CBT provides a range of other techniques to manage anxiety. For example, some therapists recommend setting aside “worry time” to spend considering the anxious thoughts, while compartmentalizing them.

Medication

In many cases, psychiatrists will prescribe medication to help individuals manage their anxiety. Rehab centers have psychiatrists who specialize in dealing with addiction. This is important, considering many anti-anxiety medications are addictive. The benzodiazepine class in particular – including Xanax, Valium, Ativan, and other well-known tranquilizers – are known to build dependence.

Instead of prescribing these drugs, which are at best temporary solutions, psychiatrists in rehab centers will prescribe long-term alternatives. Seroquel can help with anxiety and depression, as well as facilitating better sleep. Antidepressants are proven to reduce anxiety. Your psychiatrist will have a wide range of knowledge about the best non-addictive chemical options to treat anxiety.

Occupational Therapy

The rehab center, or your individual counselor, may also provide occupational therapy. This is training that helps you in practical ways, such as creating structure, managing anxiety through day-to-day activities, practicing for job interviews, and much more.

The Importance of Dual-Diagnosis Treatment

The Importance of Dual-Diagnosis Treatment

Rehab centers place a high importance on treating anxiety and other mental illnesses, as they can lead to rehab. If an individual’s drug use began as a way to deal with anxiety, they need to find adaptive ways of dealing with that anxiety, or drug use will be the most attractive option.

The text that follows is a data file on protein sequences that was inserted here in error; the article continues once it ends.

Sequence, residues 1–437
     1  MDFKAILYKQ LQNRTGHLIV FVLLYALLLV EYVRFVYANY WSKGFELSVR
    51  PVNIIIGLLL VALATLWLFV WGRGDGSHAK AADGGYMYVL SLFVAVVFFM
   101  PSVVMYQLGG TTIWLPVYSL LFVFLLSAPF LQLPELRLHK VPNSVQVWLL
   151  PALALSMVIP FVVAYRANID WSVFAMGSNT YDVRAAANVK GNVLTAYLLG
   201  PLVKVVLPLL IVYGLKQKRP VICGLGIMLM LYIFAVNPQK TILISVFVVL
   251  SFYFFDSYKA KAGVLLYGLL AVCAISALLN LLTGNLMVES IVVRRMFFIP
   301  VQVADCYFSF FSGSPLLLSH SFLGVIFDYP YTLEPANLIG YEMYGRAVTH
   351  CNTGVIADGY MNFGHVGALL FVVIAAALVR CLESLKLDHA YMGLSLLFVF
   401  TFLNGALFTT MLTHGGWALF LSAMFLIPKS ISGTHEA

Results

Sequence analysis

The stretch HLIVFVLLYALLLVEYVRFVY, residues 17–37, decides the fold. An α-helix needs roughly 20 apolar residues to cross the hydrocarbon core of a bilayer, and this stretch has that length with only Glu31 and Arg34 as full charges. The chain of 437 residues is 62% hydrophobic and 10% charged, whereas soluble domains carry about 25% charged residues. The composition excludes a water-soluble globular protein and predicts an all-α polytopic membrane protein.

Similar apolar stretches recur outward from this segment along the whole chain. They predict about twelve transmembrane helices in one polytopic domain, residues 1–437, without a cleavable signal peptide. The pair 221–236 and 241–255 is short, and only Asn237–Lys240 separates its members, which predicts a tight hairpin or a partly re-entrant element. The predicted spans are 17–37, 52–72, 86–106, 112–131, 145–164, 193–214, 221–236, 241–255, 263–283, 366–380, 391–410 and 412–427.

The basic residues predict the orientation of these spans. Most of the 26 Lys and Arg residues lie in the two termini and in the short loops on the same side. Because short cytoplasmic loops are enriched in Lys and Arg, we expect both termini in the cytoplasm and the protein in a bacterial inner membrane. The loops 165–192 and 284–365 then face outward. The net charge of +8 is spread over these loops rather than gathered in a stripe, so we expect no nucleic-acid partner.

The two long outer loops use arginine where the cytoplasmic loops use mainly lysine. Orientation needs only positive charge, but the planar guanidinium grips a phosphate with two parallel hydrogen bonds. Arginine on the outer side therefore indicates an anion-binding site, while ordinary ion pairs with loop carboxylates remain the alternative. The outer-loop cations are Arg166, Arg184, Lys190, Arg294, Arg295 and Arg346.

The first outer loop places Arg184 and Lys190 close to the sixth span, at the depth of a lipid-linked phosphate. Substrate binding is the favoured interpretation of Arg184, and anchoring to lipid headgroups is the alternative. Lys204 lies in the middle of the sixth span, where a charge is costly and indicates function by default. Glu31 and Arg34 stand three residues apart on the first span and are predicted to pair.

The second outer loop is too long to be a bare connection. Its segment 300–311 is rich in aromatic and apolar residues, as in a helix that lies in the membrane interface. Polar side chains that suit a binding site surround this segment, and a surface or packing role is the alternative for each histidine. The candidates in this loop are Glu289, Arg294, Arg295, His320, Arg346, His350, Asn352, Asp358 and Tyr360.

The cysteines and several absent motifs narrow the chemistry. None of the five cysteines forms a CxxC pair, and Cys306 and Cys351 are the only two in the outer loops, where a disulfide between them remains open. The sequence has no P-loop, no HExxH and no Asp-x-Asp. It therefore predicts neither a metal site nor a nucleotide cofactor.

Anxiety disorders and substance use disorders are closely linked. Good drug rehab centers treat anxiety concurrently with addiction.

References:

  1.  Anxiety and Depression Association of America. (2016). Substance Use Disorders
  2. Franken, I. H. and Hendriks, V. M. (2001), Screening and Diagnosis of Anxiety and Mood Disorders in Substance Abuse Patients. The American Journal on Addictions, 10: 30-39. doi:10.1080/105504901750160448

  3. Mancebo, M. C., Grant, J. E., Pinto, A., Eisen, J. L., & Rasmussen, S. A. (2009). Substance use disorders in an obsessive compulsive disorder clinical sample. Journal of anxiety disorders, 23(4), 429–435. doi:10.1016/j.janxdis.2008.08.008

  4. Blobaum P. M. (2013). Mapping the literature of addictions treatment. Journal of the Medical Library Association : JMLA, 101(2), 101–109. doi:10.3163/1536-5050.101.2.005

  5. Wendt, D. C., & Gone, J. P. (2017). Group Therapy for Substance Use Disorders: A Survey of Clinician Practices. Journal of groups in addiction & recovery, 12(4), 243–259. doi:10.1080/1556035X.2017.1348280

  6. Otte C. (2011). Cognitive behavioral therapy in anxiety disorders: current state of the evidence. Dialogues in clinical neuroscience, 13(4), 413–421

  7. Vasile, R. G., Bruce, S. E., Goisman, R. M., Pagano, M. and Keller, M. B. (2005), Results of a naturalistic longitudinal study of benzodiazepine and SSRI use in the treatment of generalized anxiety disorder and social phobia. Depress. Anxiety, 22: 59-67. doi:10.1002/da.20089

The Fundamentals Of Treatment For Drug Abuse

Posted on: August 8th, 2019 by The Gooden Center No Comments

While there are various different paths towards recovery, there are certain fundamentals common among all of them. These are treatment modules that every recovery center will provide in each and every one of its programs.

If you or a loved one are going to receive treatment for drug abuse, you can expect the following.

Detox

When you are physically dependent on a substance, stopping cold turkey will lead to severe withdrawals. These withdrawals make it incredibly difficult to stick to the recovery process. In many cases, they can be dangerous and even fatal. For this reason, most drug rehab must begin with detox.